Cross-regulation and interaction between eukaryotic gene regulatory processes
Author(s)Spies, Noah (Noah Walter Benjamin)
Massachusetts Institute of Technology. Dept. of Biology.
David P Bartel and Christopher B Burge.
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Regulation of genes is fundamental to all living processes and can be exerted at many sequential steps. We studied several eukaryotic gene regulatory mechanisms with an emphasis on understanding the interplay between regulatory processes on a genome-wide scale. Gene splicing involves the joining of exonic RNA stretches from within a precursor messenger RNA (mRNA). Splicing typically occurs co-transcriptionally as the pre-mRNA is being produced from the DNA. We explored the relationship between the chromatin state of the gene-encoding DNA and the splicing machinery. We found a marked enrichment for nucleosomes at exonic DNA in human T cells, as compared to surrounding introns, an effect mostly explained by the biased nucleotide content of exons. The use of nucleosome positioning information improved splicing simulation models, suggesting nucleosome positioning may help determine cellular splicing patterns. Additionally, we found several histone marks enriched or depleted at exons compared to the background nucleosome levels, indicative of a histone code for splicing. These results connect the chromatin regulation and mRNA splicing processes in a genome-wide fashion. Another pre-mRNA processing step is cleavage and polyadenylation, which determines the 30 end of the mature mRNA. We found that 3P-Seq was able to quantify the levels of 30 end isoforms, in addition to the method's previous use for annotating mRNA 30 ends. Using 3P-Seq and a transcriptional shutoff experiment in mouse fibroblasts, we investigated the e?effect of nuclear alternative 30 end formation on mRNA stability, typically regulated in the cytoplasm. In genes with multiple, tandem 30 untranslated regions (30 UTRs) produced by alternative cleavage and polyadenylation, we found the shorter UTRs were significantly more stable in general than the longer isoforms. This di?difference was in part explained by the loss of cis-regulatory motifs, such as microRNA targets and PUF-binding sites, between the proximal and distal isoforms. Finally, we characterized the small interfering RNAs (siRNAs) produced from heterochromatic, silenced genomic regions in fission yeast. We observed a considerable bias for siRNAs with a 5' U, and used this bias to infer patterns of siRNA biogenesis. Furthermore, comparisons with between wild-type and the Cid14 non-canonical poly(A) polymerase mutant demonstrated that the exosome, the nuclear surveillance and processing complex, is required for RNA homeostasis. In the absence of a fully functional exosome complex, siRNAs are produced to normal exosome targets, including ribosomal and transfer RNAs, indicating these processes may compete for substrates and underscoring the interconnectedness of gene regulatory systems.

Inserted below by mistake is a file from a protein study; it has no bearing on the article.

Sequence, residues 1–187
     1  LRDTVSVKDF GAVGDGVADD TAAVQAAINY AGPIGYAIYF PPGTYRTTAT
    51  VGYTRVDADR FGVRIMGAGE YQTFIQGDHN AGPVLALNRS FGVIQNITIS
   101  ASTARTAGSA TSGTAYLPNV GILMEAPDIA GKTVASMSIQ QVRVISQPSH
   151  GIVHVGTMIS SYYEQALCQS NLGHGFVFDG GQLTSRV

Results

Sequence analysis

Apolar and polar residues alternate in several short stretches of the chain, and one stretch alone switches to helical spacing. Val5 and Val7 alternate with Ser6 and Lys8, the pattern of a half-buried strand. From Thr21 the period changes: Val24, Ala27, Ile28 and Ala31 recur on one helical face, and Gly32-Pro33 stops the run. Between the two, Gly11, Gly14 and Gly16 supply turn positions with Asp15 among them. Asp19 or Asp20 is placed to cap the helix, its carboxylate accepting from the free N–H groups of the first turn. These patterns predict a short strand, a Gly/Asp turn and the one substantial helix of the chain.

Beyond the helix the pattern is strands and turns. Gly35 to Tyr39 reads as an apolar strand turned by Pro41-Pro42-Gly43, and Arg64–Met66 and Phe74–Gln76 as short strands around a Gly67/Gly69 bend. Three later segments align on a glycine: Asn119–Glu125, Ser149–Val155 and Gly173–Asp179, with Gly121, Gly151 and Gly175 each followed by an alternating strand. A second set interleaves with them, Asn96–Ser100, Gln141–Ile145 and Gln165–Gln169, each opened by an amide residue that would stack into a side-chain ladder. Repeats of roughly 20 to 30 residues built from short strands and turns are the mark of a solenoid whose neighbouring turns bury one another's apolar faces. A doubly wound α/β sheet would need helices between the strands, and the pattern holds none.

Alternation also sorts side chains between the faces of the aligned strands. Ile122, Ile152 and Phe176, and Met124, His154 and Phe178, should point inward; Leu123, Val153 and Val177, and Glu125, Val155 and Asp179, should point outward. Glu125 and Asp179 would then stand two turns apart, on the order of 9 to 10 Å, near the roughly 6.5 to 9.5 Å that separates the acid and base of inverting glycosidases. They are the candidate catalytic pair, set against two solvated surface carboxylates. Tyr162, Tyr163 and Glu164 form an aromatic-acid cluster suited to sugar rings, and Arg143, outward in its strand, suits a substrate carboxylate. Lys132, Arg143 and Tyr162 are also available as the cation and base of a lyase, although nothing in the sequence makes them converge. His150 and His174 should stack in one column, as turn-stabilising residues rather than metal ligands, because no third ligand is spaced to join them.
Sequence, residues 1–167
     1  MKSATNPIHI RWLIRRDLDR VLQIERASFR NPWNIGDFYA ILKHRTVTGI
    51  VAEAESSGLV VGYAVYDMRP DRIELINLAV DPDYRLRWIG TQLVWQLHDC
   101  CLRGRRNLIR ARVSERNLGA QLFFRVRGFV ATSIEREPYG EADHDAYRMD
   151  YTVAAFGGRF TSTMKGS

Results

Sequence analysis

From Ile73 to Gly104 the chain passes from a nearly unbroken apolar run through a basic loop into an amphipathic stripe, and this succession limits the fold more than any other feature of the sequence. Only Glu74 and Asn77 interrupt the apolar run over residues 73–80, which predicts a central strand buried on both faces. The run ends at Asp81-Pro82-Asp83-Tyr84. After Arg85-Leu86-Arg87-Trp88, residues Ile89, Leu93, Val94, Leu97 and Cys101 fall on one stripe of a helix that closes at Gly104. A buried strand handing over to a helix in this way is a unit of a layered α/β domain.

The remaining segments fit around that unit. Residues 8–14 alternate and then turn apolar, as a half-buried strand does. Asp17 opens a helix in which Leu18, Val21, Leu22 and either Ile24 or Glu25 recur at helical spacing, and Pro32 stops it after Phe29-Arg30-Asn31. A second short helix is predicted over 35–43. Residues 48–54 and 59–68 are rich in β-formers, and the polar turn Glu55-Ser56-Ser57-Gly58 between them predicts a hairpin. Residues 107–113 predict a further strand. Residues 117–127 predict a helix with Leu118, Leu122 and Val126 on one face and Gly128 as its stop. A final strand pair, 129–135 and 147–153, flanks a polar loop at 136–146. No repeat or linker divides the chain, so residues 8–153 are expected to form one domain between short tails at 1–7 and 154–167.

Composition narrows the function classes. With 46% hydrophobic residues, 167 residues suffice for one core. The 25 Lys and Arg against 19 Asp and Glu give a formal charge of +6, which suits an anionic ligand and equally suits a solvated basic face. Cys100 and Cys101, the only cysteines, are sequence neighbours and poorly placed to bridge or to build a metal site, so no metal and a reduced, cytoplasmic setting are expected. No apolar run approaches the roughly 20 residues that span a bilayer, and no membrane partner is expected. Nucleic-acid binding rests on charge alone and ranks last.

Thesis (Ph. D.)--Massachusetts Institute of Technology, Dept. of Biology, 2012.This electronic version was submitted by the student author. The certified thesis is available in the Institute Archives and Special Collections.Cataloged from student submitted PDF version of thesis.Includes bibliographical references.
DepartmentMassachusetts Institute of Technology. Department of Biology
Massachusetts Institute of Technology